For 27 years, a convicted killer in Maine has professed his innocence. On Thursday, the Maine Supreme Court heard Dennis Dechaine's appeal for a new trial in the death of 12-year-old Sarah Cherry in 1988.
Cherry was kidnapped from a home where she was babysitting in July 1988. Her body was discovered days later in the woods in Bowdoin, brutally murdered and sexually assaulted.
Prosecutors say they presented a "mountain" of evidence against Dechaine, including a confession, at trial.
Now Dechaine's lawyer is presenting new DNA evidence that he says proves his client's innocence: a DNA sample from underneath Cherry's fingernails has been matched to an unknown male. It is not a match to Dechaine.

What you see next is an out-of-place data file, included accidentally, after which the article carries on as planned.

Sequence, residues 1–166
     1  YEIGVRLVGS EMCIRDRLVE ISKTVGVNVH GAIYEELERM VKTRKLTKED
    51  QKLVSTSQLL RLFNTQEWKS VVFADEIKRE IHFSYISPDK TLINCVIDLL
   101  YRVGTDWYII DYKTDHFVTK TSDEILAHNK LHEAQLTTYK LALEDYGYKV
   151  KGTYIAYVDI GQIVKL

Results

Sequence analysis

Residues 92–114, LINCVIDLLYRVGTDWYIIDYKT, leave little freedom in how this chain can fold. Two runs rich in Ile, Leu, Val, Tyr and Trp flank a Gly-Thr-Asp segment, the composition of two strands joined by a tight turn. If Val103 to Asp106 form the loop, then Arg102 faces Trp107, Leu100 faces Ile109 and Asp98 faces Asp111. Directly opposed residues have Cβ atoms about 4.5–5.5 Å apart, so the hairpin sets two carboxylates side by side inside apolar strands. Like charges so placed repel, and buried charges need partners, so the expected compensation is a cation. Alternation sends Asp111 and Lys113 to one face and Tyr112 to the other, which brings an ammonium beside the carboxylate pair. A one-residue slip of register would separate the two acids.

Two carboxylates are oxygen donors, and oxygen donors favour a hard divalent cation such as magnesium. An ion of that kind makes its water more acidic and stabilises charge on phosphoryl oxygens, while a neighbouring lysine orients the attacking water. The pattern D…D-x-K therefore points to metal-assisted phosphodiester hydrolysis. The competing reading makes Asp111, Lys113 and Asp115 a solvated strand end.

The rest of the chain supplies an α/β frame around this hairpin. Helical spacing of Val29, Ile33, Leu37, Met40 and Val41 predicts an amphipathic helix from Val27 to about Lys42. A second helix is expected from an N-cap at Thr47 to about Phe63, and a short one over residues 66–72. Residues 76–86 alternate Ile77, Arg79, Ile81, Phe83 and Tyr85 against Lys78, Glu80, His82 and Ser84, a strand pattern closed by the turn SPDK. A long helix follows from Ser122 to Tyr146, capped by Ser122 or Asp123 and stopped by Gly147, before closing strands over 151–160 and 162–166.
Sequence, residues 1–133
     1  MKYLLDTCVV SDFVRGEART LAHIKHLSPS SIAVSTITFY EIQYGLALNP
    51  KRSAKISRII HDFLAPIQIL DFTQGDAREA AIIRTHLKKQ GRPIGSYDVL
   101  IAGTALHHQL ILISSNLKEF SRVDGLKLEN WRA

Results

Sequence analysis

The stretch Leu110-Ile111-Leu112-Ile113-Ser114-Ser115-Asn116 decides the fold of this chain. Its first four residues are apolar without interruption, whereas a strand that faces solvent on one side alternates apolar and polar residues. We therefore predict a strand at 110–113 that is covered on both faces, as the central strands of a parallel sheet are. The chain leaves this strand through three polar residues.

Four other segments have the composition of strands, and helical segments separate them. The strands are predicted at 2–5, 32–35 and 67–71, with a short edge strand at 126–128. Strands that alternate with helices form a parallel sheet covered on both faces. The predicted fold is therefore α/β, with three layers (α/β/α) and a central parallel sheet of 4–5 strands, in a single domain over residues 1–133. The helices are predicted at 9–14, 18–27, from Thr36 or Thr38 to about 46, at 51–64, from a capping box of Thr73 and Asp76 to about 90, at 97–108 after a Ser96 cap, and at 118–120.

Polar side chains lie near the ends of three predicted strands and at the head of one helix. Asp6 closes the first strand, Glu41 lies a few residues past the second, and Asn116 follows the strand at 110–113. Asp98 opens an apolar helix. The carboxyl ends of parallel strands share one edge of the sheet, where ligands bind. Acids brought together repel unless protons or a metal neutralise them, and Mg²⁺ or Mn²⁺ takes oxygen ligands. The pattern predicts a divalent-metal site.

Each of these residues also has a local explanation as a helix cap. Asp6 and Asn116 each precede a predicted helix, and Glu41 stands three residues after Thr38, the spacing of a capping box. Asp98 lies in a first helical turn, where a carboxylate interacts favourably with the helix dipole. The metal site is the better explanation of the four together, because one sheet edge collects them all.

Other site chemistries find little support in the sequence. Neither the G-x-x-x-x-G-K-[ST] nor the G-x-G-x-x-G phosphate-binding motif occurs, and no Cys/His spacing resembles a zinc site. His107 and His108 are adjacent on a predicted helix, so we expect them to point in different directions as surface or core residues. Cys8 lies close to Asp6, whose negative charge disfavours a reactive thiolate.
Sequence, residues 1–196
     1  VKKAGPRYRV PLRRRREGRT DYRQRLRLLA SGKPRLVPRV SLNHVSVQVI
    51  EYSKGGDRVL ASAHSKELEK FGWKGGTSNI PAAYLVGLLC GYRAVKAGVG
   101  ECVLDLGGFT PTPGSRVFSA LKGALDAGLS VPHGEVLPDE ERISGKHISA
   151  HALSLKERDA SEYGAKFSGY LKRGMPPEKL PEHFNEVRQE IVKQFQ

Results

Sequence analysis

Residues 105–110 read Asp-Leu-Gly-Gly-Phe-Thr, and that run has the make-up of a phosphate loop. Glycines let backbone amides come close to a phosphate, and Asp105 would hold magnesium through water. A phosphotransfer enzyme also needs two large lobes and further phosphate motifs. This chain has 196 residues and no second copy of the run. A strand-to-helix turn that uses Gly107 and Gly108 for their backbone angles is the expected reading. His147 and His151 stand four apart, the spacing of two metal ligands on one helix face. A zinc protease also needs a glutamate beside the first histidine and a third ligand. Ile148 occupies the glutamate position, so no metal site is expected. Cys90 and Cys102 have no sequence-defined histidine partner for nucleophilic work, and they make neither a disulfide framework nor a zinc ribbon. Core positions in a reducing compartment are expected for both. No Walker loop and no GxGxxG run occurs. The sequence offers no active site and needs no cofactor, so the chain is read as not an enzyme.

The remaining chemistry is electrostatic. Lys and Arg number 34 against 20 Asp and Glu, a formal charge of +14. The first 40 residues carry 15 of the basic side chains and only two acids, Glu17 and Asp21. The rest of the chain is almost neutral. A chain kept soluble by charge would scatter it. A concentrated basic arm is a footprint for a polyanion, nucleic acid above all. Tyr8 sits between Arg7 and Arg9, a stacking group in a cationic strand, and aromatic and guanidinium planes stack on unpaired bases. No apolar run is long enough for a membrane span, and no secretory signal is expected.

"It's probable that a jury would have reached a different verdict if it heard this DNA evidence," said Steven Peterson, Dechaine's lawyer, to the Maine Supreme Court Thursday.
But prosecutors argue the DNA sample is old and tainted.
"We shouldn't be using today's modern DNA testing methods to try to interpret what took place decades ago," said prosecutor Don Macomber.
Cherry's family attended the appeal and spoke to the media afterward.
"I hope I die knowing [Dechaine] is still in prison," said her mother, Debbie Crosman.
Her family said they doubt the defense will ever stop the appeals process, no matter how much they want to put this case behind them.
"It just bothers me that they are still obsessing over the same thing," said Crosman.
The defense attorneys said they plan to appeal to the federal courts if the Maine Supreme Court does not grant a new trial.